Sukumar Mahato works at a brick kiln for almost 12 hours a day for a measly ₹230. He sends a portion of his earnings to his family in Gopiballavpur Jhargram (West Bengal).
The 32-year-old loader at a brick kiln in Barbaria area of North 24 Parganas district in West Bengal is just another faceless figure among 52.9 crore Indians whose daily earning is below ₹375, a minimum daily wage suggested by a government-appointed committee.
A report titled: ‘State of Working India 2021: One year of COVID-19’, released by the Azim Premji University recently, said the number of below-minimum-wage workers at the start of the COVID-19 outbreak in March 2020 was 29.86 crore. The number saw a 77 per cent rise at the end of October last year, eight months into the pandemic.
Not that the lives and livelihoods of millions of Indians like Mahato were any better before the pandemic; and it’s not likely to change for good anytime soon as the Centre continues to flip-flop and dilly-dally on fixing a universal, pan-India minimum wage.
A Union government-appointed expert committee led by Anoop Satpathy in 2019 had recommended fixing ₹375 as a national minimum per-day wage (₹9,750 per month) as per July 2018 prices.
The trade unions had been demanding that the amount should be ₹690 per day. Even the 7th Pay Commission fixed the minimum pay of a new government recruit at an entry-level at ₹18,000 per month. This comes to ₹600 per day.
“Junking the recommendation of its own committee, the Union Labour Minister Santosh Gangowar in January this year announced that under the new Code on Wages, passed in the Parliament on August 2, 2019, the national floor-level wage would be Rs 178,” said general secretary of the All India Trade Union Congress Amarjeet Kaur.
It is just a hike of Rs 2 from the previous floor-level wage and less than half of what the high-powered committee headed by Satpathy had suggested.
The new Code on wages consolidates four wage-related legislations namely the Minimum Wages Act (1948), Payment of Wages Act (1936), Equal Remuneration Act (1976), and Payment of Bonus Act (1965) under one code.
The Centre seeks to make the new floor-level wage binding on state governments. Currently, various states in India have their own minimum wage ranging mostly between ₹150 and ₹350.
The new floor-level wage naturally received widespread criticism, particularly from the trade unions. The unions pointed out that the ₹2 hike in minimum wage is actually a decline in real wages if inflation is taken into account.
Amidst criticism, the Centre last month set up another expert panel– second in three years– to recommend the minimum wage, prompting the trade unions to term the move “as a delaying tactics”.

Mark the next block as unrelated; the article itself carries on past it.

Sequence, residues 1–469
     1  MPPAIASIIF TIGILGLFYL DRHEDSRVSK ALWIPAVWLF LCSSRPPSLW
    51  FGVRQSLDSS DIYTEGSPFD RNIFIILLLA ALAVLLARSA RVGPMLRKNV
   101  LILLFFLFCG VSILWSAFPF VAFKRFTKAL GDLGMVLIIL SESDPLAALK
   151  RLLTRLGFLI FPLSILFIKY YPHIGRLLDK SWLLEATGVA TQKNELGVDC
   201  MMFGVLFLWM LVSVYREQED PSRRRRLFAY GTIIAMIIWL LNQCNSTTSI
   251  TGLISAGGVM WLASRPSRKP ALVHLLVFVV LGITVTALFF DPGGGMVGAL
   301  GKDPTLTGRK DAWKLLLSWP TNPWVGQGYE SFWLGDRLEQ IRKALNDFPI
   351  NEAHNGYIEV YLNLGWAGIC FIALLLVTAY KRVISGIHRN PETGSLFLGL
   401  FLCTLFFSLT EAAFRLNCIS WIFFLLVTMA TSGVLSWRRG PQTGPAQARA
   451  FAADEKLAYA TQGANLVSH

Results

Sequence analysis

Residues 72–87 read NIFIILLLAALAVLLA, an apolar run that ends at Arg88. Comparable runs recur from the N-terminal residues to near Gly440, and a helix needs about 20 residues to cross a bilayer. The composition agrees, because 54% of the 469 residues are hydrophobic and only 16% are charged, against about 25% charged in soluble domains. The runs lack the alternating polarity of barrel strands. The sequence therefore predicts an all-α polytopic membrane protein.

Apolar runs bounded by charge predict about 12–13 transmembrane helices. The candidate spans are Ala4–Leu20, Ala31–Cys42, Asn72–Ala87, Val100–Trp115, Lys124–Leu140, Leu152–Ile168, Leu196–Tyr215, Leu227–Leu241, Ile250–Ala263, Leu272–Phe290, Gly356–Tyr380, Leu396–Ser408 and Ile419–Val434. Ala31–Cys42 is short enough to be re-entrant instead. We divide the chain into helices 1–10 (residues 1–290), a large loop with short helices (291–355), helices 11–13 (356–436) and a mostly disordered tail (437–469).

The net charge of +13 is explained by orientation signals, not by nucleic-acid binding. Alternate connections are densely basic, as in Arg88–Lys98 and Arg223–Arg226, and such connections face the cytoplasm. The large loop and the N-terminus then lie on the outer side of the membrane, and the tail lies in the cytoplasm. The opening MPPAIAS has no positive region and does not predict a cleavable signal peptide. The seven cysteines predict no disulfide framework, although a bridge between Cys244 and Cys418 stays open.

The new panel headed by director Institute of Economic Growth Ajit Mishra has been given a time-frame of three years.
The minimum wage has not been revised in the past seven years and now it is expected to be further delayed by at least another three years.
“The formation of a new committee is nothing but an attempt to further delay pronouncement of a fair minimum wage,” Amarjeet Kaur alleged.
“Such a delay in addressing this serious issue will push more and more people into abject poverty,” she added.
Incidentally, the new panel has no representative from the trade unions.
Even the RSS-affiliated Bharatiya Mazdoor Sangh (BMS) has expressed concern over the delay in fixing the minimum wage.
“Further it is notable that the government has given the committee three years to present its report, which sounds ridiculous as the tenure of the incumbent government is set to end, under normal circumstances, before the completion of the tenure of the committee,” BMS general secretary Binoy Kumar Sinha said in a letter to Union labour minister.
To protest the Centre’s alleged apathetic attitude towards the working class, a joint platform of 10 non-BMS central trade unions is likely to meet sometime this month to decide on its protest plan.
“We will be meeting in July to work out our next course of action. We are planning a major protest programme after the COVID-19 induced curbs are relaxed. To be heard we need to intensify our agitation,” Amarjeet Kaur said.
The 10 trade unions are INTUC, AITUC, HMS, CITU, AIUTUC TUCC, SEWA, AICCTU, LPF and the UTUC.
Even as the farmers’ protest against contentious farm laws continues, the government seems to be now heading for another confrontation, this time with the workers.
If the delay in revising minimum wages was not enough, the Narendra Modi-led BJP government’s disinvestment plan has become another bone of contention.
To pre-empt any worker unrest, the Union Government promulgated an ordinance on June 30, banning workers from striking work in ordnance factories. The move comes after about 80,000 workers of 41 ordnance factories threatened to go on strike.
Demanding the withdrawal of the “draconian ordinance”, the AITUC in a press statement, said: “It stands firmly with the defence employees in their resolve to defend this precious asset of the nation (the ordnance factories) from being robbed by the agents of the corporates – the Central Government – in broad daylight.”